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Duffy on Mortgages

Why am I telling you this? Well, I am afraid that this is the most relevant analogy I can make for the 2005 mortgage market.

We have all had a long stint at the bar. Since 2000, gross mortgage advances have risen from 120bn a year to 300bn last year. Developments in facets such as technology, non-conforming product design and a resilient BTL market have left many businesses sated. But as with the stockmarket over the past three years, I sense that not only have we already soft-landed but we are in something of a mediumterm divot.

Pretty sanguine, you might think, particularly with some alleged good news stories surfacing. For instance, prop-ertyfinder.com last week suggested that homebuyer confidence recovered slightly in December yet 66 per cent of their respondents still predicted prices to fall in 2005. Simultaneously, we heard about a Government thinktank being established to help first-time buyers via a five-year plan featuring a public and private sector partnership. Too little too late,I am afraid – that genie is already is already out of that bottle. Besides, does anybody really think that after Mervyn King’s skilful and orchestrated after-dinner remarks of 2004, he wants to see anything other than a controlled andmoribund market in 2005?Yes , it is true that the fundamentals such as high employment and low rates will underpin the market this year and I am certainly not envisaging a prices meltdown. What I am forecasting is up to three years of pretty static growth for the intermediary market. The bull run is truly over.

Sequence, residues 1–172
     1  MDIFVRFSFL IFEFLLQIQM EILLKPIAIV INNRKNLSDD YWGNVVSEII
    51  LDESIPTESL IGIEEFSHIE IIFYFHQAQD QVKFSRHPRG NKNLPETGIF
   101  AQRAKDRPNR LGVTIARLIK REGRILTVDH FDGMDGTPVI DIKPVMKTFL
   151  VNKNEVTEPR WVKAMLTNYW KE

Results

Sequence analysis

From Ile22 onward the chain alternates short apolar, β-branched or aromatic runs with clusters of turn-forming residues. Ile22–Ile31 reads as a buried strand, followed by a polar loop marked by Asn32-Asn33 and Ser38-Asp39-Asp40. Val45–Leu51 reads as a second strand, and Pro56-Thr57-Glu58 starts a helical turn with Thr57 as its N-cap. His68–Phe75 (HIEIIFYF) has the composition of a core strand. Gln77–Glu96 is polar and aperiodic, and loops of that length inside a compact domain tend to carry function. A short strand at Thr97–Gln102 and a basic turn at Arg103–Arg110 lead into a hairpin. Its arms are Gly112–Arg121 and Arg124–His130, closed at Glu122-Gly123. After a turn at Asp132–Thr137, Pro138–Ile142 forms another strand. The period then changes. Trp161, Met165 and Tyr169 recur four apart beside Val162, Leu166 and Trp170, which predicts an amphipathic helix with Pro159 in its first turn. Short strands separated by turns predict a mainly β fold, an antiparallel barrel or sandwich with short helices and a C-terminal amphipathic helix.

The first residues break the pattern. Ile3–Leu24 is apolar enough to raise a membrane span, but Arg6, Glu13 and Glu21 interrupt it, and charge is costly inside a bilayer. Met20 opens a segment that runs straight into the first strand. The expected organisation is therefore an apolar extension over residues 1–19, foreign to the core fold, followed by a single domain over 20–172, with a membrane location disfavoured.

This now presents some real challenges for practitioners, not least how they continue to grow their businesses to the satisfaction of shareholders in an over-supplied market within which consumer confidence could be subdued for some time. The British are a nation of reactionaries. Whether it is sporting heroes or base rates, we always seem to live on the belief that what has gone up must come down.

Many of today’s business leaders have not managed in such an environment. Regulation coming at a time when monthly mortgage approvals are at their lowest levels for nearly 10 years means that countless businesses are over-weight, with non-fee earners , underperformers or both. My hunch is that many lenders and brokers are carrying between 5 per cent and 15 per cent more staff than they effectively need. In a fiercely competitive market, that is simply unsustainable.

The 100 job losses at Essential Mortgages in Wolverhampton is a harbinger of what is to come. In London, I know that both Hamptons and Savills are being inundated with CVs from recruitment agencies desperate to place brokers who themselves are minded to jump before they are pushed. Business development managers are also prominent in what is a January transfer window where sellers outnumber buyers.

I equally believe that many businesses have underestimated the indirect costs of regulation. The AMI has alerted us to the burdensome regulatory levies coming our way in April. But a lesser appreciated strand to this story is the distraction cost which N4 brought. Managing directors nowadays spend a disproportionate amount of their time trying to abide by MCOB as opposed to shaping and developing strategies to bolster revenues. Lenders are the same. We have all got very defensive.

Kevin Duffy is managing director at Hamptons International Mortgages

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